The Yale University Master of Arts degree program in African Studies was instituted in 1986. The two-year interdisciplinary, graduate-level curriculum is intended for students who will later continue in a Ph.D. program or a professional school, or for those who will enter business, government service, or another career in which a sound knowledge of Africa is essential or valuable. A student may choose one of the following areas of concentration: history; anthropology; political science; sociology; arts and literatures; languages and linguistics; religion; environmental and development studies.

The program requires sixteen courses: two compulsory introductory interdisciplinary seminars, Research Methods in African Studies (AFST 501a) and Topics in African Studies (AFST 764b); four courses of instruction in an African language; four courses in one of the foregoing areas of concentration; four other approved courses offered in the Graduate School or professional schools; and two terms of directed reading and research (AFST 590a and 900b) during which students will complete the required thesis. A student who is able to demonstrate advanced proficiency in an African language may have the language requirement waived and substitute four other approved courses. The choice of courses must be approved by the DGS, with whom students should consult as soon as possible in the first term.

The Master’s Thesis

The master’s thesis is based on research on a topic approved by the DGS and advised by a faculty member with expertise or specialized competence in the chosen topic. Students must submit their thesis for joint evaluation by the adviser and a second reader, who is chosen by the student in consultation with the DGS.

Program in African Languages

The language program offers instruction in three major languages from sub-Saharan Africa: Kiswahili (eastern and central Africa), Yorùbá (west Africa), and isiZulu (southern Africa). Language-related courses and language courses for professionals are also offered. African language courses emphasize communicative competence, and instructors use multimedia materials that focus on the contemporary African context. Course sequences are designed to enable students to achieve advanced competence in all skill areas by the end of the third year, and the African Languages program encourages students to spend one summer or term in Africa during their language study.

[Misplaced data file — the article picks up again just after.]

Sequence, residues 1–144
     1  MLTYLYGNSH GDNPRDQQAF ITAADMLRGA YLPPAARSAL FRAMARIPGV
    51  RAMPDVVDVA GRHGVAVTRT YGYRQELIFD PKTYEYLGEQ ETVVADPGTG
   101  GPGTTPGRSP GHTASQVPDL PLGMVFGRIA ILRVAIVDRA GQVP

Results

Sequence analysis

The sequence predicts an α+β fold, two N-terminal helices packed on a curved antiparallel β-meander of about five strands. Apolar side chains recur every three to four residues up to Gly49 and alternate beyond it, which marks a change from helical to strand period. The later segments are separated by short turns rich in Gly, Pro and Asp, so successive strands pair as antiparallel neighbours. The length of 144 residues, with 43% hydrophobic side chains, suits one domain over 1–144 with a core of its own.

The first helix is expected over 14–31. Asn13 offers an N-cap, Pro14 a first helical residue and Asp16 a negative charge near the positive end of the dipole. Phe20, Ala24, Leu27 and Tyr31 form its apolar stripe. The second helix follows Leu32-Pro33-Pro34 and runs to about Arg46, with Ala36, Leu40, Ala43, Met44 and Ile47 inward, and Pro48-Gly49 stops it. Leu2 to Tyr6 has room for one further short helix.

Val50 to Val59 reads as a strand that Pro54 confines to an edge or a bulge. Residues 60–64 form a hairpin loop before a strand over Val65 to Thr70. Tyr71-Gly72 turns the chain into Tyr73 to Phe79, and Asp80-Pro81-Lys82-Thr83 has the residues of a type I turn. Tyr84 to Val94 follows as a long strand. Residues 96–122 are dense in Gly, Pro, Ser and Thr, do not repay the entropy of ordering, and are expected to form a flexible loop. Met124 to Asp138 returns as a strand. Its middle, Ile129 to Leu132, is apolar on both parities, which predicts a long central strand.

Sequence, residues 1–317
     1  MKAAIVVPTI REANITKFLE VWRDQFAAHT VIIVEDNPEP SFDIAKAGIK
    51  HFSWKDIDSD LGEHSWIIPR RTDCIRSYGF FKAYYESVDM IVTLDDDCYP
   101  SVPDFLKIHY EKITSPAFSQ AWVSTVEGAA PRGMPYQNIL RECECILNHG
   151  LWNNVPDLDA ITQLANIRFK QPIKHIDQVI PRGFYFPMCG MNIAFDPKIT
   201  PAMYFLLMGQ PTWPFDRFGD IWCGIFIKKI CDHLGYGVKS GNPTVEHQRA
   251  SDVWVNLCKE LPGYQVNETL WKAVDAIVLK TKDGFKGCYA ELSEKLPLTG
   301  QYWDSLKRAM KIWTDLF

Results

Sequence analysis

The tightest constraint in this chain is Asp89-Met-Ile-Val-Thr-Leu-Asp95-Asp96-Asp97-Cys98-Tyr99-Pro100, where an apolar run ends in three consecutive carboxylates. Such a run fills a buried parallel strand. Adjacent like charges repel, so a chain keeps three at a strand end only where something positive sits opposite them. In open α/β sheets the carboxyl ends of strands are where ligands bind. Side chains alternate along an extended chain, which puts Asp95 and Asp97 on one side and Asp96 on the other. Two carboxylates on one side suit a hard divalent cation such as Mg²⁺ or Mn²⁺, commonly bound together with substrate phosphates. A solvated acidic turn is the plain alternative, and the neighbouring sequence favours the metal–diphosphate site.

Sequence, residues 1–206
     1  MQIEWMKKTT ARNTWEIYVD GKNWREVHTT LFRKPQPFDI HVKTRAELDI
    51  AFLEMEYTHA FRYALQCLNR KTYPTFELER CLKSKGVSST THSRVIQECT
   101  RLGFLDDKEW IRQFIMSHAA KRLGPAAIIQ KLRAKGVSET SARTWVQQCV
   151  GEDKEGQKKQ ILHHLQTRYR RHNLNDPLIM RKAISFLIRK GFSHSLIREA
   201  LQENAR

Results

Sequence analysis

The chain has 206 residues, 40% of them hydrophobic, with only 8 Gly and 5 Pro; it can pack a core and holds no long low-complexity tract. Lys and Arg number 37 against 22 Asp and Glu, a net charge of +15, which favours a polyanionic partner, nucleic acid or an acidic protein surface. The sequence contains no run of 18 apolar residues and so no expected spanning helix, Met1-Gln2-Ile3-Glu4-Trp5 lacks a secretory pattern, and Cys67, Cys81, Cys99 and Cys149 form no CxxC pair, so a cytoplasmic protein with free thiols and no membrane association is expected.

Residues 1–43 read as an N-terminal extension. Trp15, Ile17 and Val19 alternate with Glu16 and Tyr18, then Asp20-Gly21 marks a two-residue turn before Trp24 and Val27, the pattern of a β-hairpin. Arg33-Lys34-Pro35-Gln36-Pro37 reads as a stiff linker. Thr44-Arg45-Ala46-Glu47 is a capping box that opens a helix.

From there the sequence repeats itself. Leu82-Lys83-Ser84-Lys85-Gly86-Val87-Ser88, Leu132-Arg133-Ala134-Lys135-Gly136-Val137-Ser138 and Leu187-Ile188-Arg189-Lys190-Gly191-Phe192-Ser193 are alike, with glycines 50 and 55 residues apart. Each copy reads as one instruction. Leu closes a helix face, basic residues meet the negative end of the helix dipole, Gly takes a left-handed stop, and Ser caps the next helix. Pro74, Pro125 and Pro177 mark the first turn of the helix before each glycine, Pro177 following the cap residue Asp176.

Noncredited instruction in other African languages is available by application through the Directed Independent Language Study program at the Center for Language Study. Contact the director of the Program in African Languages.

Program materials are available upon request from the Director of Graduate Studies, Council on African Studies, Yale University, PO Box 208206, New Haven CT 06520-8206; e-mail, africanstudies@yale.edu.


AFST 501au, Research Methods in African Studies Cheryl Doss

AFST 548bU/SOCY 548bU, Islamic Social Movements Jonathan Wyrtzen

AFST 573bU/SOCY 563bU, Imperialism, Insurgency, and State Building in the Middle East and North Africa Jonathan Wyrtzen

AFST 630bU, Language Planning in Sub-Saharan Africa Kiarie Wa’Njogu

AFST 639aU/ANTH 639aU, African Politics and Anthropology Louisa Lombard

AFST 640a, Africa’s Economic Transformation: Challenges and Prospects  Hiroyuki Hino

AFST 647aU, The Rwandan Genocide in Comparative Context David Simon